Lack of regular schools’ league affecting performance on and off the pitch, says coach
MARK WARD AND FUAD ESACK
A lack of game time, training and playing together as a unit, saw Mondale struggle to overcome a determined Bergvliet 3-1 in their under-19 boys’ Kay Motsepe Cape regional finals, at the Elsbury Park sports ground, in Matroosfontein, last Friday.
Mondale had to dig deep to secure their place in the Western Cape play-offs of the lucrative schools’ competition and will now join their counterparts from Eden, Central-Karoo, Cape Winelands, Overberg and West Coast districts in the play-off, which is scheduled to be held in Saldanha Bay at the end of the month.
En route to last Friday’s finals, Mondale won all their matches without conceding a single goal in six matches, beating all of their rivals, including defending champions Portland High, 2-0, to set up their clash against Bergvliet.
However, coach Valhatiem “Val” Raynard’s side can consider themselves lucky going into the break with the score goalless as Bergvliet had complete control up until that point.
“We knew coming into Friday’s match that Bergvliet was a very strong team team with a very strong set-up. We just had to counter what they had,” Raynard said. “I instructed boys to just stay calm and to break up their play as much as possible.”
The players, it seems, paid heed to the coach’s advice as a revitalised Mondale bounced back in the second half, thanks to a goal by Matthew du Plessis and a brace by Siviwe Nkwahli.
Bergvliet’s Gianni Almano pulled one back to make the score 2-1, but Nkwahli’s second strike sealed the deal for Mondale.
There is no doubt that the demise of the Mitchell’s Plain (Mr Price) high schools soccer league has had a detrimental effect on school boy footy in Mitchell’s Plain.
Over the years, Mondale had impressed in both the Kay Motsepe Cup and the schools’ league.
Raynard had a few choice words at half-time, reminding his players that they had a legacy to live up to, having won this competition four times previously and going on to represent the Western Cape at the national finals on two occasions, going down to SuperSport Academy in the semi-finals and finishing third in 2013.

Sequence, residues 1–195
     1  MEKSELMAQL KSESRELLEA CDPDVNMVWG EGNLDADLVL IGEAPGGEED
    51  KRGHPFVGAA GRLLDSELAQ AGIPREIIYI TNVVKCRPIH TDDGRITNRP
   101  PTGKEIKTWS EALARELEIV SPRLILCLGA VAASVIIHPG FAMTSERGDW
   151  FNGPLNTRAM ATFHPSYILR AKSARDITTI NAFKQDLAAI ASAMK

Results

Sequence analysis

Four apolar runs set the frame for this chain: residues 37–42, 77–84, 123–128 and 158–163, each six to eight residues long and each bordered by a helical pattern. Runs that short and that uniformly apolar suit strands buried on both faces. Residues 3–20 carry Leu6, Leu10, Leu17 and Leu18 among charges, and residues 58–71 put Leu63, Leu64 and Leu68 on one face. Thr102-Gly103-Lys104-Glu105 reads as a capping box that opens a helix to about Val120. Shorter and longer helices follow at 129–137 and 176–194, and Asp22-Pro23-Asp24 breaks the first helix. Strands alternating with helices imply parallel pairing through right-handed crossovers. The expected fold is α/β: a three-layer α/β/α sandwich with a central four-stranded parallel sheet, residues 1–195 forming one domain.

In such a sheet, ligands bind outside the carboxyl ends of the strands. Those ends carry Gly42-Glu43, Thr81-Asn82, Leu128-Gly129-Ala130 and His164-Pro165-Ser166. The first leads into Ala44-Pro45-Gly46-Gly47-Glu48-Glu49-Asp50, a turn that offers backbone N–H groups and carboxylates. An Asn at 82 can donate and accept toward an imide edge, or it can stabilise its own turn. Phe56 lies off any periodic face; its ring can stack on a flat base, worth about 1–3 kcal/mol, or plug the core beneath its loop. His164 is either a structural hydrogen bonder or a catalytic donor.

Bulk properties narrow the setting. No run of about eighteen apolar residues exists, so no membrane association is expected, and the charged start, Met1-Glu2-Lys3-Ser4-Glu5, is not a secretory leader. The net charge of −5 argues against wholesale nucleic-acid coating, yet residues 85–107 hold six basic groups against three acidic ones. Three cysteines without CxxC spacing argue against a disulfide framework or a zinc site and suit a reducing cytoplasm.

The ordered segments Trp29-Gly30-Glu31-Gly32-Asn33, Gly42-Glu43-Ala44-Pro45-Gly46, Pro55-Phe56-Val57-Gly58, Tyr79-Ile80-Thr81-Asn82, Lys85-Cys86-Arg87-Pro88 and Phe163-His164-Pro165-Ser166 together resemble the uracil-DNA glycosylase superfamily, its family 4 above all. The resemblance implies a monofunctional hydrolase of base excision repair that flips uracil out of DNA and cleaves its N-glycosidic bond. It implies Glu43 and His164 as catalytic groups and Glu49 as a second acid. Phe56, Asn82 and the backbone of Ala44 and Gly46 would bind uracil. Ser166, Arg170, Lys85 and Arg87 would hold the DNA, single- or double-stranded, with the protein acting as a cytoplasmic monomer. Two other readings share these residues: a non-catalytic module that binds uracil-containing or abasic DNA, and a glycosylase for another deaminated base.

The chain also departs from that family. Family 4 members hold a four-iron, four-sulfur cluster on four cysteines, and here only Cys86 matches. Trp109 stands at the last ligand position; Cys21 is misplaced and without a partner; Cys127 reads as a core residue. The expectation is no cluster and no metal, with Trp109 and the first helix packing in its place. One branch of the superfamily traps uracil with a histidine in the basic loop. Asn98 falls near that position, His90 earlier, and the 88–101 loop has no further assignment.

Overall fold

However, the Mondale mentor was first to admit that reaching the heights of their former glory years was a tall order, mainly due to the lack of regular competition.
“The first time this team got together was when we prepared for this competition,” says Raynard. “We didn’t play any kind of football or even train together before this tournament, and that is what makes this achievement so special.
“On top of that, we only conceded one goal in the entire competition. That’s as a great an achievement as winning the tournament,” he said
“In the past we had regular competition when the Mr Price Schools League was up and running. While I don’t wish to enter into the fray of what has transpired with the scrapping of the league, one just needs to ask what league or competition has been put in its place,” he said.
“The truth of the matter is straightforward. The boys have found alternatives to do on a Saturday morning. We as educators used the schools’ league as a way of further installing pride in our learners to represent the school.
“But for now, we are relishing in the moment and with this victory as motivation I’m sure we will do well in the Western Cape play-offs,” he said.